Australian documentary challenging the value of statins is removed by broadcaster

Last December I wrote a blog post that referred to an episode of the Australian documentary series Catalyst, which airs on the ABC network (similar to the BBC in the UK). The programme, entitled ‘Heart of the Matter’ essentially challenged the widespread use of statins. My personal opinion (and I admit I am quite ‘statin-sceptic’) is that the programme was well made and balanced. It featured the opinions of several academics sceptical about the value of statins including Drs John Abramson, Beatrice Golomb and Rita Redberg.

This documentary was preceded by another episode of the same title, this one questioning the conventional wisdom regarding saturated fat – specifically the role this fat supposedly has in heart disease.

There was quite some uproar after the shows aired, particularly with regard to the second show. The main accusation appeared to be that the programme did not provide a balanced view of the effectiveness of statins, and might ‘frighten’ people into not taking their statins, with the result that some may die.

My blog post in December explored this claim.  As I explained, the risk here, even for people who have had a previous heart attack or stroke (‘secondary prevention’) individuals, is very small. In primary prevention (for those who have no previous history of cardiovascular disease), the risk is even smaller and, in fact, may pose no risk at all (some research finds that statins do not reduce risk of death in primary prevention).

So great was the controversy surrounding the documentary that ABC’s own Audience and Consumer Affairs Unit (ACA) carried out an investigation into the two programmes. Its report (which you can access here Catalyst Heart of the Matter FINAL ACA Report) clears the first documentary (on saturated fat) of any bias. However, the ACA concluded that in two instances, the second documentary demonstrated bias.

The two issues appear to be:

1.    That the documentary did not put enough emphasis of the benefits of statins in secondary prevention (see page 40 of the report).

2.    That the documentary omitted information regarding the use of information relating to primary prevention. Some claim that statins can reduce mortality in those in the primary prevention category who are at relatively high risk of cardiovascular disease. The makers of the Catalyst programme argued there is no evidence for this stance. But, according to the ACA, they should have included it anyway so that viewers could ‘make up their own minds’. Here’s the actual wording (see page 45):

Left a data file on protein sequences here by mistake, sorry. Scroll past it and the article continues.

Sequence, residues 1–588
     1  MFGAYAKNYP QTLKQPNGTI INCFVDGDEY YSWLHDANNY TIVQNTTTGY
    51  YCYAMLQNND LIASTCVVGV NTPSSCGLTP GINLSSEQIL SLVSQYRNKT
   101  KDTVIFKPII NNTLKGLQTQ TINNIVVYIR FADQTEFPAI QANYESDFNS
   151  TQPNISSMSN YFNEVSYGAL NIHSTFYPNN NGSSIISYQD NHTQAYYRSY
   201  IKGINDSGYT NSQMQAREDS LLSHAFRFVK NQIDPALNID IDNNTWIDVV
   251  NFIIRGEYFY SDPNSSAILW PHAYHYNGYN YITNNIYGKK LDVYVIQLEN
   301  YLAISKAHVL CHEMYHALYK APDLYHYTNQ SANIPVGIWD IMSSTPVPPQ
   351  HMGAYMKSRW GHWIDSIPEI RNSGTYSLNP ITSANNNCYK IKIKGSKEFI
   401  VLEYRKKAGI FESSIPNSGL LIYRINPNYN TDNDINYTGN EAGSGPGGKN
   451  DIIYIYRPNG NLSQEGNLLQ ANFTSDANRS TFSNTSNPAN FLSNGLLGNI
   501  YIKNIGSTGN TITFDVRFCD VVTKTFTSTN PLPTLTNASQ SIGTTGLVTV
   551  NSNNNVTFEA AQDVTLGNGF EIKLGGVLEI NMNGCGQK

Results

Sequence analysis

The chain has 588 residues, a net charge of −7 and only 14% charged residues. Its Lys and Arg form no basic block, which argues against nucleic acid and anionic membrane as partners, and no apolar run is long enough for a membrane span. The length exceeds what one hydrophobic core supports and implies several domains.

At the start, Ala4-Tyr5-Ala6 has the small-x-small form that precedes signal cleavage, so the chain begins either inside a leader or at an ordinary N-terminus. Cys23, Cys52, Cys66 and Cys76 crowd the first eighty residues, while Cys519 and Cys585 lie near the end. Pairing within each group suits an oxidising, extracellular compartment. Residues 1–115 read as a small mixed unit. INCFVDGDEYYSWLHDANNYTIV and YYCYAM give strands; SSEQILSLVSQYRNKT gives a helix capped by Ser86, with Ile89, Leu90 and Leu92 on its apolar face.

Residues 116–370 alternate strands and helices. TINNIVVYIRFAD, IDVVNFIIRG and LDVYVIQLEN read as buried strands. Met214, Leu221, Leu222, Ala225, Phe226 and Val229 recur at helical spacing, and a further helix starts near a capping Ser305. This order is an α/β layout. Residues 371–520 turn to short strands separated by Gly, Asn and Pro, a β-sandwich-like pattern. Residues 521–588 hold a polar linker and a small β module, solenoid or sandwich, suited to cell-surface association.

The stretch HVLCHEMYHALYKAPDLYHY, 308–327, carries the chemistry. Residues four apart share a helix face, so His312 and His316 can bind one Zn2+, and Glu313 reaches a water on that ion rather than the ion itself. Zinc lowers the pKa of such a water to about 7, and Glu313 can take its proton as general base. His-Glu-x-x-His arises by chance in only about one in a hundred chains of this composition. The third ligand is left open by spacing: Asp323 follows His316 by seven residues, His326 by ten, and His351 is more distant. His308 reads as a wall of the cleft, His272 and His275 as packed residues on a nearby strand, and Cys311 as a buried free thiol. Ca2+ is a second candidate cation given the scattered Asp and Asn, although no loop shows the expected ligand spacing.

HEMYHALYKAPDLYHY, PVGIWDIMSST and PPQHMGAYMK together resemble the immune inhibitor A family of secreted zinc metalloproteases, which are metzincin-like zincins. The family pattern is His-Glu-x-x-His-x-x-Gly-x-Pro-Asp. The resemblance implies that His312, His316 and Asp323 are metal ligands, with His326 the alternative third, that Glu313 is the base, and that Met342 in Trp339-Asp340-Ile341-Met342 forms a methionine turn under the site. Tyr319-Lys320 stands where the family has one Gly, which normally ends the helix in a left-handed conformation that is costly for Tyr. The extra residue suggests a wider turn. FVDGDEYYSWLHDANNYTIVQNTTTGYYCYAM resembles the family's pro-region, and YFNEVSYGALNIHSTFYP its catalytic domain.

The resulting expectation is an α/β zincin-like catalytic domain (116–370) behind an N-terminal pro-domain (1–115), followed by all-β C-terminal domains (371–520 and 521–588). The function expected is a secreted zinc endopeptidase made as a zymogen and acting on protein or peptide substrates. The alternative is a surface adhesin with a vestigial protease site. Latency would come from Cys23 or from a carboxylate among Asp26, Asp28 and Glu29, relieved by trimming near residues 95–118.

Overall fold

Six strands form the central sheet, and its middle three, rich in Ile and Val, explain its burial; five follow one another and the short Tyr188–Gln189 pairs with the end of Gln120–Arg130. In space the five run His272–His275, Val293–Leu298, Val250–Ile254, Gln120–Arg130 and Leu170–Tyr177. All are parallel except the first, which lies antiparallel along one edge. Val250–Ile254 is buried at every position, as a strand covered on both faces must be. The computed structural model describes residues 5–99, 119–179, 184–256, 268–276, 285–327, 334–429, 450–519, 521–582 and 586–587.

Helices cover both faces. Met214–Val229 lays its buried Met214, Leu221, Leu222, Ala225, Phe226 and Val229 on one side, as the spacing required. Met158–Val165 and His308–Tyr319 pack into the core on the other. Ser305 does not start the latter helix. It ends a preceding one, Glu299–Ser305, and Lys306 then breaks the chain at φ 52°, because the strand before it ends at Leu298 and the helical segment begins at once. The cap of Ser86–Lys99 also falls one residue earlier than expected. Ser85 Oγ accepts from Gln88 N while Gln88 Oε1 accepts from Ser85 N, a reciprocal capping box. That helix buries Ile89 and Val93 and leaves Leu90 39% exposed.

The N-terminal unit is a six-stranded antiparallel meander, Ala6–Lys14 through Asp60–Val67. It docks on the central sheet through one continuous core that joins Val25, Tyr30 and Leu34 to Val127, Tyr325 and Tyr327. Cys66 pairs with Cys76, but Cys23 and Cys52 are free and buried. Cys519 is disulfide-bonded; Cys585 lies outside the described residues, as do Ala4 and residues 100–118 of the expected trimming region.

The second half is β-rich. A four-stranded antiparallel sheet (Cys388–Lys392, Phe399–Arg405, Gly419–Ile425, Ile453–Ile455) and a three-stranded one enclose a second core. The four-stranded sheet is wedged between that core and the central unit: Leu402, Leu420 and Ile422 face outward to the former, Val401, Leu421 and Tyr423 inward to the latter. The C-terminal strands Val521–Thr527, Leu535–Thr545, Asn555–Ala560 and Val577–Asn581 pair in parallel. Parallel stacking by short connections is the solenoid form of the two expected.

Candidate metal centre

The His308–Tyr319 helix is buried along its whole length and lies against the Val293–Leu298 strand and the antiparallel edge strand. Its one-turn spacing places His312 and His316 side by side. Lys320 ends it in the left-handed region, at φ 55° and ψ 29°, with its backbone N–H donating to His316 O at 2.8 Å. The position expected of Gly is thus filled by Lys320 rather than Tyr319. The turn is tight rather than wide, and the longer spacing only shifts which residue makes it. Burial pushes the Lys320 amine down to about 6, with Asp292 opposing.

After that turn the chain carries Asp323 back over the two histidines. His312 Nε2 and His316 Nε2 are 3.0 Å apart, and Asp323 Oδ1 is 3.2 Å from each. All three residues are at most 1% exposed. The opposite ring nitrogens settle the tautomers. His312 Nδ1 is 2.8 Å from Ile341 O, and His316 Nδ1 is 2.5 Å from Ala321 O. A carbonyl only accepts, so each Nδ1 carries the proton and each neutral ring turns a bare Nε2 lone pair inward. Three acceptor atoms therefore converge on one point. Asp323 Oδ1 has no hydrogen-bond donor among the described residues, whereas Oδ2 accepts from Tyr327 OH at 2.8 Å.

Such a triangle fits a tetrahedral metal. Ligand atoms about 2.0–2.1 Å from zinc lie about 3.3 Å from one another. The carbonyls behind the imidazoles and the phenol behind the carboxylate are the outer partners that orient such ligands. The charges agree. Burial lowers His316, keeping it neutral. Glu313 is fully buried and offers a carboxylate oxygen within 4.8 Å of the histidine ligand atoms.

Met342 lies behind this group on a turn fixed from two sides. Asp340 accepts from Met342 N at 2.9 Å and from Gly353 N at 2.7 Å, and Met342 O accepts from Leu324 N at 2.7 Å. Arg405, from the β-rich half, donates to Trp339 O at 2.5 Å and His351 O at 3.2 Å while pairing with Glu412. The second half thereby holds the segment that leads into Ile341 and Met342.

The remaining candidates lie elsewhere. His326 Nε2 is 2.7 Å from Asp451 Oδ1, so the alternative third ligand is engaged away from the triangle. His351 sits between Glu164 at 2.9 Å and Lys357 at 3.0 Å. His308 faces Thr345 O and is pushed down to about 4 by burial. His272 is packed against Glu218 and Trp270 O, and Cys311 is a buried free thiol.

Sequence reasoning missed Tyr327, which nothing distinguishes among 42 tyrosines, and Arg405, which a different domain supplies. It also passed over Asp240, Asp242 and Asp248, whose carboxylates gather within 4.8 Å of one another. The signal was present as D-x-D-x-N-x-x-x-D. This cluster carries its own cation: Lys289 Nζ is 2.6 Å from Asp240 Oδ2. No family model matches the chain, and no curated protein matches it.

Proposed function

Catalyst has also explained that the stratified risk approach was omitted because it is ‘erroneous’ and lacks an evidential basis. However, the effect of excluding this issue was that viewers were not given the opportunity to hear both sides of the argument, and were not left in a position to make up their own minds.

Two days ago, Mark Scott, the managing director of ABC TV published a statement in which he announces the removal of both documentaries from the ABC website. His reason is that the second documentary “breaches ABC standards on impartiality”, and goes on to explain that the first documentary will also be removed “[b]ecause of the interlocked nature of the two programs…”.

I am sceptical about the role of saturated fat in heart disease and the value of statins in the prevention of cardiovascular disease. My scepticism is based on the published research. I’ve documented contemporary research relevant to the issues many times. Obviously, I have a bias towards Dr Demasi’s programmes and their broad sentiments.

However, when I attempt to put my own bias aside and focus on the facts, I am still left with the belief is that Dr Demasi did, overall, a very good job of highlighting the misinformation that abounds in this area. It is my opinion that Dr Demasi’s work was an example of good, responsible journalism. Read through the ACA report, though, and you’ll see that the content of the programmes was fundamentally sound.

Somehow, I feel like Mark Scott’s action to remove these documentaries is inappropriate and wholly disproportionate. If all documentaries (whatever the subject) were subjected to the level of scrutiny seen here, and then judged because of the omission of information (which one could argue is inevitable), then I suspect no documentaries would be deemed fit for transmission.

I am also left wondering what sort of pressure Mark Scott felt he was under to capitulate in such a spectacular fashion. If you’re wondering the same thing, or simply would like to express your support or otherwise for his decision, you may care to email Mr Scott at scott.mark@abc.net.au.

44 Responses to Australian documentary challenging the value of statins is removed by broadcaster

  1. Eddie Mitchell 14 May 2014 at 5:21 pm #

    “Two days ago, Mark Scott, the managing director of ABC TV published a statement in which he announces the removal of both documentaries from the ABC website. His reason is that the second documentary “breaches ABC standards on impartiality”, and goes on to explain that the first documentary will also be removed “[b]ecause of the interlocked nature of the two programs…”

    If anyone believes Mark Scott’s limp excuse, they probably believe Lions make good house pets. The cat is out of the bag, Statin dugs are useless for most, and downright dangerous for many. My heart bleeds for big pharma, only today the media is reporting again on the GSK bribery and corruption in China.

    Keep kicking butt John.

    Kind regards Eddie

  2. cancerclasses 14 May 2014 at 6:10 pm #